The Italian told Italian news agency ANSA in 2005 "I am a fascist, not a racist", and his appointment on Sunday to succeed Martin O'Neill prompted former foreign secretary David Milliband to stand down as Sunderland's vice-chairman and non-executive director.
But in a statement released by the club on Monday, Di Canio said: "I don't have a problem with anyone. I don't know why I have to keep repeating my story, to be defending myself on something that doesn't belong to me every time I change clubs. Talk about racism? That is absolutely stupid, stupid and ridiculous."
Miliband said on Sunday on www.davidmiliband.net: "In the light of the new manager's past political statements, I think it right to step down."
But former Swindon chairman Jeremy Wray, who gave Di Canio his first chance in management, dismissed that stance as a "sad knee-jerk reaction".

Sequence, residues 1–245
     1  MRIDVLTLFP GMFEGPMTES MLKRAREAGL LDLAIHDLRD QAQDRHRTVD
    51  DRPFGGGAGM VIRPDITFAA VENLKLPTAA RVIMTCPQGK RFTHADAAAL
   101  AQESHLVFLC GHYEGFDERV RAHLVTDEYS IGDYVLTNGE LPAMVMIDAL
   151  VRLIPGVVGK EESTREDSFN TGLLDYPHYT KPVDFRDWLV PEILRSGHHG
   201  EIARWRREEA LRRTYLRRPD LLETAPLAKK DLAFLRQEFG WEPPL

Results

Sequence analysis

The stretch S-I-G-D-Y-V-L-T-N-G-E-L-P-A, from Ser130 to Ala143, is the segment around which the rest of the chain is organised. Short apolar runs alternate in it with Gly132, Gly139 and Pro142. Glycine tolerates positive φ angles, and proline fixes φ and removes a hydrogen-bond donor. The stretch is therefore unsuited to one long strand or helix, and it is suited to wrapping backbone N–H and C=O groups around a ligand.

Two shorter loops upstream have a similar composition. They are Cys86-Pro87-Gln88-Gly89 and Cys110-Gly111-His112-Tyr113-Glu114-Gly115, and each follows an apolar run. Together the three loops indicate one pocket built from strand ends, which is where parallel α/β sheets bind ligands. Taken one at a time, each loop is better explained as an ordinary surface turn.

And Di Canio said: "What I can say is that if someone is hurt, I am sorry. But this didn't come from me - it came from a big story that people put out in a different way to what it was.
"The people who know me can change that idea quickly. When I was in England my best friends were Trevor Sinclair and Chris Powell, the Charlton manager - they can tell you everything about my character.
"I don't want to talk about politics because it's not my area. We are not in the Houses of Parliament, we are in a football club. I want to talk about sport.
"I want to talk about football, my players, the board and the fans. I don't want to talk any more about politics - I am not a politics person."
- Sports & Recreation
- Di Canio
- David Milliband